We always have new opportunities to form good habits, but a new year feels like a great time to explore our practices. In this article of Young Sustainability by former SHADOW Intern, Isabella Boparai, she explores the negative effects of coffee on rainforest and ways for us to reduce our impact. Join us for January’s renewal and a year of possibilities to further habitat conservation!

We’ve all had the days that we rely on coffee to give us a little pick me up throughout the day. Either we were up late or simply don’t have the will to go through the busy day. Coffee is a popular drink regardless of the weather and can be perfect as a source of energy. Many of us either make our coffee or stop at a local coffee shop to pick up drinks. However, numerous large coffee industries negatively impact the environment. Many big coffee industries use monocropping and deforestation, which leads to soil erosion and water pollution.

Each coffee cup consumed destroys roughly one square inch of rainforest making it a leading cause of rainforest destruction. Many large coffee industries chose to grow specific coffee plants that have been tailored to produce nearly three times as much coffee as a normal shade-grown coffee plant. Consequently, as the coffee industry grows, the production of sun-grown coffee plants increases, resulting in a greater loss of the rainforest. In the 1950s, approximately 15% of the earth’s surface was covered by rainforest. And today only 6% of the earth is covered by rainforest. The remaining 6% of the rainforest could be destroyed in the next 40 years since more than 200,000 acres are burned each day to clear land. Deforestation is harmful because it decreases the biodiversity of wildlife and plants. When land is deforested, many habitats are left altered and become unsuitable for species. To add, when forest areas are lost, there is a large decrease in the amount of air moisture and soil composition. Soil erosion is another consequence of deforestation.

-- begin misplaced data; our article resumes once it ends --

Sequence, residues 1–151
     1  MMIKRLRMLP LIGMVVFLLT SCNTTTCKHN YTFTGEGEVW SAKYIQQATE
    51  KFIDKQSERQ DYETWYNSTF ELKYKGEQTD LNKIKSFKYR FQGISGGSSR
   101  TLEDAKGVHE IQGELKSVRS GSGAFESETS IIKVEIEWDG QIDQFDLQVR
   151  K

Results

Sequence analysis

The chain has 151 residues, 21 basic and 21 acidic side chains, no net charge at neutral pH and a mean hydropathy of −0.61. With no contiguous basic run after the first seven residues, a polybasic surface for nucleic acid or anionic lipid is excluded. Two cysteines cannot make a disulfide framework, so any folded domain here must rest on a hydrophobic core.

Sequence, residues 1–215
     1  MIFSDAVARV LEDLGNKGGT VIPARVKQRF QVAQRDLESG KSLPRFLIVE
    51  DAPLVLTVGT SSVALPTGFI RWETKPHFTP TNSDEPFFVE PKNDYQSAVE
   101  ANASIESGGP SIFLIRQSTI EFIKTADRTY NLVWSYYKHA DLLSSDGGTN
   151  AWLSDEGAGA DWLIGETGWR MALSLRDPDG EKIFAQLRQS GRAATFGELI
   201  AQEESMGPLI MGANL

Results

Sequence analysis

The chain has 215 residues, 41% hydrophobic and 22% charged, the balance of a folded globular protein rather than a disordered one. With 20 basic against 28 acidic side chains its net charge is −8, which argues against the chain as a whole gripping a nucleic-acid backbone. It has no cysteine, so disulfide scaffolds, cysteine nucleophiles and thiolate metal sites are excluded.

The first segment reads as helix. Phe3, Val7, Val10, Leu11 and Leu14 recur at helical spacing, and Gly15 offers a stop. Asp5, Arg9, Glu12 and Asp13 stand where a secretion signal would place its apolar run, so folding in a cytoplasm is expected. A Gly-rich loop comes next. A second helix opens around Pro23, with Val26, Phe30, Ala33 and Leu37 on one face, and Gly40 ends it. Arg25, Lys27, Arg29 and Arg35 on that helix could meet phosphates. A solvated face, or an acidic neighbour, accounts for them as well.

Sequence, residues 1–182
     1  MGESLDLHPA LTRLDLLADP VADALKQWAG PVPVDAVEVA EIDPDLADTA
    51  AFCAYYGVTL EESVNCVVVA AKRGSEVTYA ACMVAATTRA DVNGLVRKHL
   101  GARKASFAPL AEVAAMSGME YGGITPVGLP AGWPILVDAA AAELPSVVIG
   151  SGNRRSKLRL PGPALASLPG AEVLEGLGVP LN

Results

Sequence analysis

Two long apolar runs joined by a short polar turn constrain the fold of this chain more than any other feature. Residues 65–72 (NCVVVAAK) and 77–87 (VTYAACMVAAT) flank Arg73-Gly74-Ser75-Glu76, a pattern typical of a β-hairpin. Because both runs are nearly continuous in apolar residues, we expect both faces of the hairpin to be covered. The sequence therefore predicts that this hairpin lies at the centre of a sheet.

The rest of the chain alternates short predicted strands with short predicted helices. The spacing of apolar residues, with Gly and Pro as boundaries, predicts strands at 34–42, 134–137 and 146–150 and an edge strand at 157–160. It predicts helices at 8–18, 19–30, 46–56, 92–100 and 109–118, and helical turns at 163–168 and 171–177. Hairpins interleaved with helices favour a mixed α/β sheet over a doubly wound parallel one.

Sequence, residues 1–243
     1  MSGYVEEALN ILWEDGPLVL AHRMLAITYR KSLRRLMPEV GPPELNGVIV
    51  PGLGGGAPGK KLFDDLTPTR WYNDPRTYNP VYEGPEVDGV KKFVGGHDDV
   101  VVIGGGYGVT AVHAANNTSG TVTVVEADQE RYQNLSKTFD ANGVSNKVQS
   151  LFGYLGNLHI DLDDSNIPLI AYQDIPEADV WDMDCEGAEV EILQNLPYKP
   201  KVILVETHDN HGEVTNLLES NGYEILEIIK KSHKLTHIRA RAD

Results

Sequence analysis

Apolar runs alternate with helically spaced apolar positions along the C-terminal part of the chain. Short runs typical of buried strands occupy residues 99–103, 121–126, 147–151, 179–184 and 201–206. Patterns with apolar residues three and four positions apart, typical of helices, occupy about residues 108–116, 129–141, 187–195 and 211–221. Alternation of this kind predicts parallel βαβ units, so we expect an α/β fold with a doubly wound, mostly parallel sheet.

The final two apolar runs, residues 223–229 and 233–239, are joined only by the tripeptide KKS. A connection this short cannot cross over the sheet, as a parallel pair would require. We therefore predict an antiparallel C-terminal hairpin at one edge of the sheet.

Fertilizers used by many coffee industries are high in nitrate which easily goes into the nearby water sources, this decreases the oxygen supply in the water which in turn kills the aquatic life.

I’m not suggesting that you give up your beloved cup of coffee in the morning. Instead, I’m urging you to consider the way the coffee beans are grown and how they are cultivated. Sustainable coffee production means they used better crop management and water use practices. Companies might use pheromone boxes to get rid of insects instead of fertilizers. Most importantly the coffee is grown in the shade. Shade-grown coffee gets many nutrients from the shaded trees. The trees also help the surrounding soil, natural predators, and control coffee pests. Typically, shade-grown coffee is less susceptible to pests and growth issues. Luckily, many sustainable coffee brands sell their eco-friendly bags of coffee online. Additionally, many sustainable coffee shops are located around the Evergreen state. Places like Grounds for Change, Red Leaf Organic Coffee, Better Living Through Coffee, Boon Boona, and Café Ladro are all great places to get your coffee if you’re looking for a more sustainable option.

Enjoying your cup of coffee while helping the planet is simple! Before buying coffee, check how it’s sourced and evaluate if there are better options available.